6 steps to ensure you keep your workers safe & your projects going strong

It’s been months since the coronavirus pandemic first hit the United States, but rules and regulations about how to operate safely continue to fluctuate. What’s remained the same, however, is the Centers for Disease Control and Prevention (CDC) saying that limiting contact with others is the best way to protect yourself and others from getting sick.

While some businesses are able to let their employees work from home, it’s not an option for you and your employees who work on construction sites.

So how do you balance keeping your business running with prudent measures to help keep your traveling employees safe? Creating or modifying a well-documented travel policy will be a useful tool for many contractors during COVID-19—and it wouldn't be a bad idea for you implement one in your business.



Not only will this help protect you and your employees, but it’ll also help ensure the work you’ve contracted for is less likely to get held up by an outbreak on the jobsite. As you evaluate and write your policy, you should consult your local and legal experts who’ll help determine the information to include in your travel policy.

1. Require Workers to Self-Check Before Travel

This is likely something you’ve already implemented, but putting it into writing in your travel policy will formalize it and give it more weight. Determine and specify the criteria employees must meet to safely travel and work, such as:

  • Temperature checks—Require your employees to take their temperature prior to traveling and going to work. Specify a limit their body temperature must fall under to travel.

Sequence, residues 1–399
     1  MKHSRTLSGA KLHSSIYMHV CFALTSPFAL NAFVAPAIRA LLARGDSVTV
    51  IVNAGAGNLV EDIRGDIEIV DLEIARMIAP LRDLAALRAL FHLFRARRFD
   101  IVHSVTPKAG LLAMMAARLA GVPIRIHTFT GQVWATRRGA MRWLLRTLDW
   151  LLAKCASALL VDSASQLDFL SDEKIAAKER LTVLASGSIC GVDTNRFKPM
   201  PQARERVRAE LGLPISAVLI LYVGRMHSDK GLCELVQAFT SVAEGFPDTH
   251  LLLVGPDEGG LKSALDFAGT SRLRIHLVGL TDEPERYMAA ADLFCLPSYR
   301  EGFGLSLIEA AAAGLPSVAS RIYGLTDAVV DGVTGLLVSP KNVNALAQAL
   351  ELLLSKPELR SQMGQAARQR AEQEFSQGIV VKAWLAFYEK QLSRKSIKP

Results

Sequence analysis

• Symptom checks—Ask your employees if they’ve experienced any symptoms related to COVID-19—such as a sore throat, cough or shortness of breath. Specify the list of symptoms in your policy and don’t allow your employees to work or travel if they’ve experienced any of the symptoms.
  • Contact checks—Ask your employees to verify they haven’t knowingly been exposed to anyone who was diagnosed with COVID-19 within the previous 14 days—or if they've been in a risky situation, like spending time indoors with people from outside their household without everyone taking precautions. If they have, require them to wait 14 days from the exposure to travel or go to work.

If an employee doesn’t meet all the specified criteria, require them to contact their manager.

2. Ensure Employees Follow Local Guidelines 

Because your construction team works in a variety of locations, they’ll need to be aware of any local, county, or state COVID-19 ordinances that are in place—from mask requirements to gathering restrictions—where they work or while in transit. Your travel policy should mandate that employees understand and follow these requirements on and off the jobsite.

3. Determine Any Off-Duty Safety Requirements 

Many construction employees work on the road for extended periods of time and can’t spend nights at home. Instead, they stay in hotels and likely don’t have many opportunities to cook their own meals.


Add a section in your travel policy outlining safety guidelines for employees staying away from home overnight, which should include: